The weak-to-strong generalization (WTSG) paper in 60 seconds

Link post

There’s probably nothing new here if you’ve read the paper.

I am not affiliated with the paper authors. I took some figures from the paper.

You should really go read the paper.

Thanks to everyone who helped me with this post! Thanks to Justis for providing feedback on a draft!

See also: https://​​​​posts/​​9W8roCAeEccSa3Chz/​​weak-to-strong-generalization-eliciting-strong-capabilities

The headline result of WTSG is that, across a variety of supervised tasks, when you fine-tune a strong model using “pseudo-labels” (i.e. labels generated by a model, rather than ground-truth labels) from a weak model, the strong model surpasses the performance of the weak model.

The methodology used to determine this result is approximately as follows:

  • Fine-tune a small, weak model on your ground truth labels;

  • Take a large, strong model. Train it on pseudo-labels produced by the small, weak model;

  • Take an identical large, strong model. Train it directly on the ground truth labels.

  • Evaluate and compare the performance of the strong model trained on pseudolabels, the strong model trained on ground truth labels, and the weak model trained on ground truth labels.

Q: Is the headline result because the strong model couldn’t simulate the pseudo-labels well, so resorted to the next best thing for (predicting the truth)?

A: Maybe.

  • It doesn’t seem like the strong model in the WTSG paper is capable of perfectly simulating the weak model.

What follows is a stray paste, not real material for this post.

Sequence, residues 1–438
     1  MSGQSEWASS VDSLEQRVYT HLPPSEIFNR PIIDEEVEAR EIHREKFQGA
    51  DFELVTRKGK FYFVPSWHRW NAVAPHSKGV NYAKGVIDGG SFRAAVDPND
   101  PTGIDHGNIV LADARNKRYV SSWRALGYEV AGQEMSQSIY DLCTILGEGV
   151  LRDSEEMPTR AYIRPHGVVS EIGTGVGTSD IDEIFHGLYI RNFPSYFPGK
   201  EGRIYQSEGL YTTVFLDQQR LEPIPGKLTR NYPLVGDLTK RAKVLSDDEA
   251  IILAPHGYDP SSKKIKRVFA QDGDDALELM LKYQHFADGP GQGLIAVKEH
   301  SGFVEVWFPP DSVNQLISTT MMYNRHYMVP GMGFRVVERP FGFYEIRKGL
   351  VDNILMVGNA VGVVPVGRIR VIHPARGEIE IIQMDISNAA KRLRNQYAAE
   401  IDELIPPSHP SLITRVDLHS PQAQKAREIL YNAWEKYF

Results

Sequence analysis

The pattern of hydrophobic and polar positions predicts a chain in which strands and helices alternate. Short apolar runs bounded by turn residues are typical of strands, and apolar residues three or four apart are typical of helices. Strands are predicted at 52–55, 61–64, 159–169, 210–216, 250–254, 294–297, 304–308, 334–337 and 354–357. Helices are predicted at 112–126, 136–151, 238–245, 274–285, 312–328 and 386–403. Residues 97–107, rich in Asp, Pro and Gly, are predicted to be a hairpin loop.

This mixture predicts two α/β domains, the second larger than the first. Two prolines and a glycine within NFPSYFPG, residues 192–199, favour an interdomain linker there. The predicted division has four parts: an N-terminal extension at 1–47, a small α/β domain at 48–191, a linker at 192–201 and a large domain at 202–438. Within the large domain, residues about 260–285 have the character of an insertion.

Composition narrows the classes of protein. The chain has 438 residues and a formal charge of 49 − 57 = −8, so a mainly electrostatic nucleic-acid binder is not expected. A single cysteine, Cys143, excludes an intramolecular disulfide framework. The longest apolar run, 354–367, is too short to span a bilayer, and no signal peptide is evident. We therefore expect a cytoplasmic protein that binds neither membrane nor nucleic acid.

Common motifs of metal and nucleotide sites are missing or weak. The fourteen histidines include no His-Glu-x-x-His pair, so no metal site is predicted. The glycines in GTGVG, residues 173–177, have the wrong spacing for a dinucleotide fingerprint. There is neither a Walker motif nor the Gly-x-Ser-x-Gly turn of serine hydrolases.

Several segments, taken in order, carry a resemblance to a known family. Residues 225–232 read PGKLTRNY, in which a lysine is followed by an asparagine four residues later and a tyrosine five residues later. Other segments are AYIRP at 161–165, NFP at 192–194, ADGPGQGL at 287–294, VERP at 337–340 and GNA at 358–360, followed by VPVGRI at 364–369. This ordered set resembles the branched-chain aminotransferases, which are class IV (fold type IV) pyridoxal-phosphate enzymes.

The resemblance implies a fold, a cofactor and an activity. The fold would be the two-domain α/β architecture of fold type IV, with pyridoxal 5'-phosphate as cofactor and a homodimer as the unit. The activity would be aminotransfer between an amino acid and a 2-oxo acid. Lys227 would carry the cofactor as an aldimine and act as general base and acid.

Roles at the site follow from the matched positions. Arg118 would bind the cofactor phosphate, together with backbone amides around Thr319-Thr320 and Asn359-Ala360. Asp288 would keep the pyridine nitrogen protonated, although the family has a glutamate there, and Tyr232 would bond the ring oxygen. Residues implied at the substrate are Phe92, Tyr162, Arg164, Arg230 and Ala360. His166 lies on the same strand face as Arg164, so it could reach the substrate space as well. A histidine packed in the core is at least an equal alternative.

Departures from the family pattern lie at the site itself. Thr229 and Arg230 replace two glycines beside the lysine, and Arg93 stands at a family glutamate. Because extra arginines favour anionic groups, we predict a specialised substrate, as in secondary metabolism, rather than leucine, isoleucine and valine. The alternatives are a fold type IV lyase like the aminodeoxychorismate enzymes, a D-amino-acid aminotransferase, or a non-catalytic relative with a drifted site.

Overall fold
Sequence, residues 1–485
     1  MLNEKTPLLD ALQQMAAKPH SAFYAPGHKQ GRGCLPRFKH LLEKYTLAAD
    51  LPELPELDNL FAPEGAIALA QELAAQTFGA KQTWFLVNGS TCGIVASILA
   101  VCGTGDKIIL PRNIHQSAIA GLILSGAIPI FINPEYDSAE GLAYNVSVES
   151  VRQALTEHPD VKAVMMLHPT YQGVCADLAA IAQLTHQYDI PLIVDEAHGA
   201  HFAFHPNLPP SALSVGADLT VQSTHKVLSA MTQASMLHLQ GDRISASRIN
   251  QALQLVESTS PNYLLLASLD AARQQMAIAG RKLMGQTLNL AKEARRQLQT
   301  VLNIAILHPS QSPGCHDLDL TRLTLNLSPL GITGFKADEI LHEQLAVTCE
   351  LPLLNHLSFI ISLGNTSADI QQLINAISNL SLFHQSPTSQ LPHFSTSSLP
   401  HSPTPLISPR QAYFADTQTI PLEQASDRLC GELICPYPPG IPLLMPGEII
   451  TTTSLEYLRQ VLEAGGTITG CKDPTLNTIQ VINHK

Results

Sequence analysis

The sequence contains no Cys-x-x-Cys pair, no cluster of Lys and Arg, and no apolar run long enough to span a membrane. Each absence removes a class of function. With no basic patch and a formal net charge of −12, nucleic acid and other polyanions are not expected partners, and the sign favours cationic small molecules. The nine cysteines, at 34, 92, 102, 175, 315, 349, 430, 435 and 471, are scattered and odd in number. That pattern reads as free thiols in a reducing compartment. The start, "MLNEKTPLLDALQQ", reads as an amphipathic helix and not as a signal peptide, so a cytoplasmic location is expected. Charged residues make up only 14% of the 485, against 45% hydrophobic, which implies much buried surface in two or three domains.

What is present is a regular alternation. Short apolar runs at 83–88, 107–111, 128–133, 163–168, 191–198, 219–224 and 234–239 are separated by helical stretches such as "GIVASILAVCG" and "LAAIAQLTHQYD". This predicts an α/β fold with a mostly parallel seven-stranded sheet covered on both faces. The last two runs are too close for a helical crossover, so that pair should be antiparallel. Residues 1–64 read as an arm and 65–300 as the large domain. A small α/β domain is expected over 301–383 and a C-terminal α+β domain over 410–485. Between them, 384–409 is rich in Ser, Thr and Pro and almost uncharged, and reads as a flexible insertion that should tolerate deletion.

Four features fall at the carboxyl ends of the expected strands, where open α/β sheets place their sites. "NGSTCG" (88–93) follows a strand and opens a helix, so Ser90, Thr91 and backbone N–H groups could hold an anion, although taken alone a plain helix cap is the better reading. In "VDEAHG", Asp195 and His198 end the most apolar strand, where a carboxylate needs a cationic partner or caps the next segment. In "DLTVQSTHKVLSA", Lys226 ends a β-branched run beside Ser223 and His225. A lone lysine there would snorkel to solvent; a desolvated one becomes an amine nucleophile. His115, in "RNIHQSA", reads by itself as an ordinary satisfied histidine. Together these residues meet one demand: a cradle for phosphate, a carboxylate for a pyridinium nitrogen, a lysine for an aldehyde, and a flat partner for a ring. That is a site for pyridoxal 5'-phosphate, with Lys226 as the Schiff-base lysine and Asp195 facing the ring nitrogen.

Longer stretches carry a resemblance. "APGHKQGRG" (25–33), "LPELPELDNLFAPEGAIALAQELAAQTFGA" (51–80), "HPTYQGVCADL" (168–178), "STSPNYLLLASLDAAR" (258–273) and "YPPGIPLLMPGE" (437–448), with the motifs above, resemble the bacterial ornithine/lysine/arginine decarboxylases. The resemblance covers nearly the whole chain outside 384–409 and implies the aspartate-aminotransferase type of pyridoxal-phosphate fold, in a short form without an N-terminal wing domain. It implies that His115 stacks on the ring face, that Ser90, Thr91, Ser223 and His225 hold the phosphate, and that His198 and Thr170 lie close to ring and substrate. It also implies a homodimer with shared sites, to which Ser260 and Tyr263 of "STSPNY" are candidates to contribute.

• When the authors tried making simulating the weak model very easy (by appending “I think this is {weak_label}. What do you think?” to every prompt), the WTSG effect became substantially worse. (If this seems somewhat toy, I feel this way too. I’m currently working on improving on this experiment!)

  • When the authors tried using completely unsimulable label noise (instead of the more simulable mistakes of the weak models), performance predictably increased.

Q: What is this “aux loss” about?

A: That’s the “auxiliary confidence loss” that the authors discovered improved weak-to-strong generalization in many domains. It tells the model to be more confident, and “reduces imitation of supervisor mistakes.” (pg. 13)

Q: Did they try replacing the fine-tuning with linear probing or prompting?

A: Yes. They seem to work about as well.

Q: Should I still read the paper?
A: Yes! There’s a bunch of interesting stuff that I haven’t included here. (Inverse scaling, details about the experiment setup, some interesting results in the chess puzzle setting, etc.).

I‘m currently working on extending this paper and validating its claims. I would be happy to chat about this!